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Gun Laws and Violence

September 30, 1993

* In response to "If Gun Laws Work, Why Are We Afraid?" Column Right, Sept. 20:

I begin this letter by pointing out that I am a rock-ribbed conservative Republican. Bill Clinton is a total disaster, California's two senators are sob sisters who never met a social program they didn't like, and this country is in a moral morass.

But there is one area where conservatives continually astound me. Namely gun control.

Simply put, the best way for America to stem the tide of crime is to completely do away with firearms. Guns have one purpose: to kill, whether it be animals or humans. The only problem with gun control is that it never goes far enough. Waiting periods are Band-Aids on arterial wounds. We shall only control violent crime in this country by completely banning all firearms in the hands of private citizens.

This is not a solution that will control crime overnight, but will take time to round up all firearms in the hands of the public. It might take up to 20 years to accomplish the desired result, but we must start sometime. This would include not only handguns, but rifles, shotguns and the like.

The militia would still have the firepower necessary to protect us, and if a constitutional amendment is needed, so be it. A start must be made, and to continue to delude ourselves with the illusion that the current minor laws will be effective is idiotic.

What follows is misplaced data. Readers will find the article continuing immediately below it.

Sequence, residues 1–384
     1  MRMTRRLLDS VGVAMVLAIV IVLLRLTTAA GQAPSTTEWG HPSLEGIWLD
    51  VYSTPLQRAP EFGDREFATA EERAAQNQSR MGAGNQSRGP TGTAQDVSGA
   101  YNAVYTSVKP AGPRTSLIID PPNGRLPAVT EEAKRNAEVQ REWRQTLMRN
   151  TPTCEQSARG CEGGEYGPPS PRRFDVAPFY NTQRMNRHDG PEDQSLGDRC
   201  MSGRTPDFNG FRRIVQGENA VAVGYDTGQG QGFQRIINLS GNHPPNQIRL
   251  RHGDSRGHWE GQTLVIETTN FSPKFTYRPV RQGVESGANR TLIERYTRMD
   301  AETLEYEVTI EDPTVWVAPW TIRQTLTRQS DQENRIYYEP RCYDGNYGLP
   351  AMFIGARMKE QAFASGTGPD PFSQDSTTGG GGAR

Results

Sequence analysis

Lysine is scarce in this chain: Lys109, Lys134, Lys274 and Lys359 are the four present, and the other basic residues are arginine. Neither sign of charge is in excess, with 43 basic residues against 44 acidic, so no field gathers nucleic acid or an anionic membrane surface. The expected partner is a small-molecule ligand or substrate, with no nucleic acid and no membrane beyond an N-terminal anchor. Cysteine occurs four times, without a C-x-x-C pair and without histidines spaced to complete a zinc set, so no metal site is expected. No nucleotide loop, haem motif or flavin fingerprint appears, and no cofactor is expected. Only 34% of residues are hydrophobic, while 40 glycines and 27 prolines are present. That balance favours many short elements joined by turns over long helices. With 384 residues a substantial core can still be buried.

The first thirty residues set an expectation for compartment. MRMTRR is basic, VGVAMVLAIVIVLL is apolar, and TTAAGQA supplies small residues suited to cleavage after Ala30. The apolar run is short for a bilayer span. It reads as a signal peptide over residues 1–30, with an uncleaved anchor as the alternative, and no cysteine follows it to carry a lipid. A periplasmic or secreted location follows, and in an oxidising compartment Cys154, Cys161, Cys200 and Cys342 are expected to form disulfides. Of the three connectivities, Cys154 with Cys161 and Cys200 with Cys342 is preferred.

GARY O. KENT

Torrance

* J. Neil Schulman proves that he is woefully out of touch with the reality of gun control legislation and handgun violence in this country. For example, he states that "New York City has strict gun control laws and a high rate of violent crime," while "Virginia has less-strict gun laws and a lot less violent crime," and concludes from this that gun control laws are ineffective. This kind of logic is oversimplification in the extreme. The environments of New York City and rural Virginia are completely different, but Schulman nevertheless doesn't recognize that other factors besides gun control legislation contribute to violent crime.

Also, in stating that "gun control has never been shown to reduce violence," he demonstrates complete ignorance from a global perspective. What Schulman and other gun rights extremists fail to recognize are the cold hard facts: The countries with the strictest gun control legislation (Great Britain, Japan, Australia, Sweden, Canada and Switzerland) had a combined total of 291 gun-related deaths in 1990, and the U.S., with the most lax gun laws of any major industrial country, had a total of 10,567 gun-related deaths in 1990. It doesn't take a genius to figure it out!

BRIAN G. ROSS

Venice

* Congratulations on your straightforward article on why more gun laws won't reduce crime. We the people have the right, under the Second Amendment, to own firearms, whether for recreational shooting, competition, hunting, or self-defense. The law-abiding gun owner is not the problem. The problem is the failure of our criminal justice system. Criminals do not respect or fear the criminal justice system. Let's fix the system rather than wasting time harassing the legitimate gun owners.

GEORGE V. BARR

Laguna Beach

* A reader's letter (Sept. 15) implies that the defeat of SB 1128, which would have outlawed high-capacity firearm magazines, protects our freedom from would-be tyrants. It seems to me that the Poles and the Russians won their freedom without this kind of firepower.

We don't need packs of self-appointed "freedom fighters" who are a bigger threat to everybody's freedom than anyone they profess to protect us from.

WILLIAM S. SECKLER

Corona

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